Why Do Arabs Not Revolt?
30 Jun 2009 03:27
By RAMI G. KHOURI in Beirut
The stark contrast between the street demonstrations in Iran in the past two weeks and the absence of any such popular revolts in the Arab world during the past half-century is more than just fascinating in terms of political anthropology. A major question that hangs over the Arab world like a ton of bricks is: Why do the top-heavy, non-democratic political control and governance systems of the Arab world persist without any significant popular opposition or public challenge?
The events in Iran -- the second major popular rebellion in the past 30 years -- accentuate the relative quiescence in the Arab world, but this is not for lack of grievances among Arabs. The same pressures and indignities that annoy many Iranians and push them to openly challenge their rulers are prevalent throughout much of the Arab world:
* abuse of power by a self-contained ruling elite,
* absence of meaningful political accountability,
* dominance of the power structure by security-military organs,
* prevalent corruption and financial abuse,
* mediocre economic management,
* enforced leadership hero-worshiping and personality cults,
* strict social controls -- especially on the young and women.
Only once has a popular revolt forced a change of government in the Arab world, which was the 1985 overthrow of Sudanese President Jaafar Numeiry. All other coups and regime changes in the Arab world have been the work of a small number of military officers or foreign governments. Mass Arab uprisings have occurred against foreign occupation or domination, such as the two Palestinian intifadas against Israeli occupation, the anti-Syrian uprising in Lebanon in 2005, and assorted anti-colonial rebellions. Small militant groups have also challenged Arab regimes -- such as violent Islamists in Syria, Egypt and Algeria in the 1980s and 90s -- but were always beaten down.
The sheer power of police and security organizations is not a sufficient explanation of Arab popular passivity, because angry populations around the world have confronted and toppled equally powerful security forces, such as the Shah's Iran or most of the East European Soviet states. Lack of courage also is not a satisfying explanation, either, because Arab men and women throughout the region have defied and confronted their governments in many ways over the past half century -- yet always falling short of taking to the streets in mass demonstrations aimed at toppling the regime.
One of the possible explanations is that angry or frustrated Arab men and women do not relate to their central government in the same way that Iranians do (or Turks, also). Indignant Iranians or Turks who are fed up with their government's abuse of power demand a change in government behavior, and use available means to bring about that change. Arabs in a similar situation seem to largely ignore their governments, and instead set up parallel structures in society that offer them the same practical and intangible services that central governments normally provide in more coherent countries.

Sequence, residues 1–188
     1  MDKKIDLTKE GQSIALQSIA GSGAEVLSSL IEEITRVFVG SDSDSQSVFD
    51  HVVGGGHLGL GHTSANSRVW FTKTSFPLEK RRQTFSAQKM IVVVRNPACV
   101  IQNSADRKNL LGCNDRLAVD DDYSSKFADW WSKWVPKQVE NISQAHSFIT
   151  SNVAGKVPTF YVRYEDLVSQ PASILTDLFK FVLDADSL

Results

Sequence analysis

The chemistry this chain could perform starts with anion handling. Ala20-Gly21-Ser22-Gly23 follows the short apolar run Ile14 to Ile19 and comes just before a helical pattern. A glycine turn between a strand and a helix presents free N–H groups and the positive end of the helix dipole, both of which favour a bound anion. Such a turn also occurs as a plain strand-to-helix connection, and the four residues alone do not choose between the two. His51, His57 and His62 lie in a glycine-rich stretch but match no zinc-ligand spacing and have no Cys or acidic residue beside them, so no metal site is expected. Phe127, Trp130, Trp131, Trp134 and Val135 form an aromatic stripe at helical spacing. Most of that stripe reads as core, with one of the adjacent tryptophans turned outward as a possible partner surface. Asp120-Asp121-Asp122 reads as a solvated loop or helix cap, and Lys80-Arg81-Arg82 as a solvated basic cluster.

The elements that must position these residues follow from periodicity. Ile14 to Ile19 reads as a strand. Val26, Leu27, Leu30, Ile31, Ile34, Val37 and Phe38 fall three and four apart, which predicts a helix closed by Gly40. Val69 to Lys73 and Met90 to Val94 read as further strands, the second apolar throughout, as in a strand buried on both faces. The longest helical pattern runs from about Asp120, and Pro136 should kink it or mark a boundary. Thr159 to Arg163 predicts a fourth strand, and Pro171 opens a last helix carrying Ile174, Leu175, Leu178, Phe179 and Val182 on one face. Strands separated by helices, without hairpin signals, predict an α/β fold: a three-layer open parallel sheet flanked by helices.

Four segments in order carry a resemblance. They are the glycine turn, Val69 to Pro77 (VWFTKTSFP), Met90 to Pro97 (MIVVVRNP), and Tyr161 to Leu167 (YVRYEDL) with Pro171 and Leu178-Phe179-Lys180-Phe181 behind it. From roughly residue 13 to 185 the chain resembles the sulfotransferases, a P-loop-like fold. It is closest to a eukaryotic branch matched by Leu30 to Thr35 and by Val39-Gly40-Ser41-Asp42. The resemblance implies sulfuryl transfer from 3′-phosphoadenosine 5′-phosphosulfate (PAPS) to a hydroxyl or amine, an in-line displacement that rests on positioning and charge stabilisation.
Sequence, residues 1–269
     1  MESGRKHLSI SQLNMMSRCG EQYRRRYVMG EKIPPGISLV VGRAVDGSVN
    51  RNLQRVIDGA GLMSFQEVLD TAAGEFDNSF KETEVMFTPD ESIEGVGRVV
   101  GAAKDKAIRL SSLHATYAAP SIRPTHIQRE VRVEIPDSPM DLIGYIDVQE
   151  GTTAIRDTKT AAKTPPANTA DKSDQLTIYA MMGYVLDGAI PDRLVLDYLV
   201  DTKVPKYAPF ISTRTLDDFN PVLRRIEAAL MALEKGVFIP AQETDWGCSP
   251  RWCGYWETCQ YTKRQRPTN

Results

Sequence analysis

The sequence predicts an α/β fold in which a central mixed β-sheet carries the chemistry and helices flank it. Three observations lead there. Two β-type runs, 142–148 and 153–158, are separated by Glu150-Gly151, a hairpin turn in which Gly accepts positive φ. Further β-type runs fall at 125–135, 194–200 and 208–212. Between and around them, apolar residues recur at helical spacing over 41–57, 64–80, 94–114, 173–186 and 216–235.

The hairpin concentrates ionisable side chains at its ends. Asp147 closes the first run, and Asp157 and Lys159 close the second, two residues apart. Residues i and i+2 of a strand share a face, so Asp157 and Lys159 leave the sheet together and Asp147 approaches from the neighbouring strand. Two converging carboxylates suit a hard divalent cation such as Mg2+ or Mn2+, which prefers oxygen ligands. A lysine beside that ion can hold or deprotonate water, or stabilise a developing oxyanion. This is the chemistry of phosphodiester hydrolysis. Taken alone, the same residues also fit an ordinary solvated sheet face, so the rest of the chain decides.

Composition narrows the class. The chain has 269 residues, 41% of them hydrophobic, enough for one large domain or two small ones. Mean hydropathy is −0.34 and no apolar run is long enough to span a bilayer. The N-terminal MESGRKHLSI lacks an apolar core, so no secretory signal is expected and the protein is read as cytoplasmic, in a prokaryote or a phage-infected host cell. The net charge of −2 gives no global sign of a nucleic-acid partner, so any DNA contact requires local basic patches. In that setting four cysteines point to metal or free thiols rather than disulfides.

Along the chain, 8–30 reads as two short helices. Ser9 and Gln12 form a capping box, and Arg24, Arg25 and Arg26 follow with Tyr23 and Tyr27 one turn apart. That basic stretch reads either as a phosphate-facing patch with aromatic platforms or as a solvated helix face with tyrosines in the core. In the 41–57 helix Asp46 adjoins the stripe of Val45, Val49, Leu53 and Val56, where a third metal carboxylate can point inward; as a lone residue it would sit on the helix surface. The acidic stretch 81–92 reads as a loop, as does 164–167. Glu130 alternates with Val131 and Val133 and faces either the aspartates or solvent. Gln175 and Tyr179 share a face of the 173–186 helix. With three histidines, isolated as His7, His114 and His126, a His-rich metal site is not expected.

Massive movements of discontented citizens throughout the Arab world have channeled their energy into several arenas that coexist in parallel with the state. These include Islamist and other religious movements, tribal structures, non-governmental organizations, and the private sector to a lesser extent. Some of these movements, like Hizbullah and Hamas, grew briskly and have become parallel states in every respect, including military power, social services, economic clout, and international diplomatic engagement.
One possible explanation for why discontented Iranians or Turks try to capture and reconfigure their state governance machinery, while Arabs tend to avoid it and simply build their own parallel structures, may have to do with the most basic factors of nation and state legitimacy, efficacy and credibility. Iran and Turkey enjoy powerful, ancient legitimacy as nation-states, while most Arab countries do not, because most of them are modern creations of brazen, slightly eccentric, Euro-colonialists.
Rather than wanting to manage the very difficult socio-economic challenges that define countries like Yemen, Egypt, Syria, Morocco, Algeria and Sudan, it is much more attractive for discontented political and social movements to carve out a space for themselves in society, mostly ignore the central government, and get on with the business of catering to the needs of their constituents. Consequently, central governments in most Arab countries beyond the oil states are finding that their impact and footprint in society are slowly narrowing, in line with their often-diminished legitimacy. Arab regimes to a large extent are not being challenged by their own people, they are being contained and shrunk.
It is possible that the lack of popular Arab revolts against the state is less a comment on the passive nature of Arab citizenship and political psyche, and more a comment on the declining allure of the prize of political incumbency in Arab state governance systems whose impact and legitimacy continue to fray at the edges, and that cater to a smaller and smaller constituency of true believers at their core.
Rami G. Khouri is Editor-at-large of The Daily Star, and Director of the Issam Fares Institute for Public Policy and International Affairs at the American University of Beirut, in Beirut, Lebanon.
Copyright (c) 2009 Rami G. Khouri - distributed by Agence Global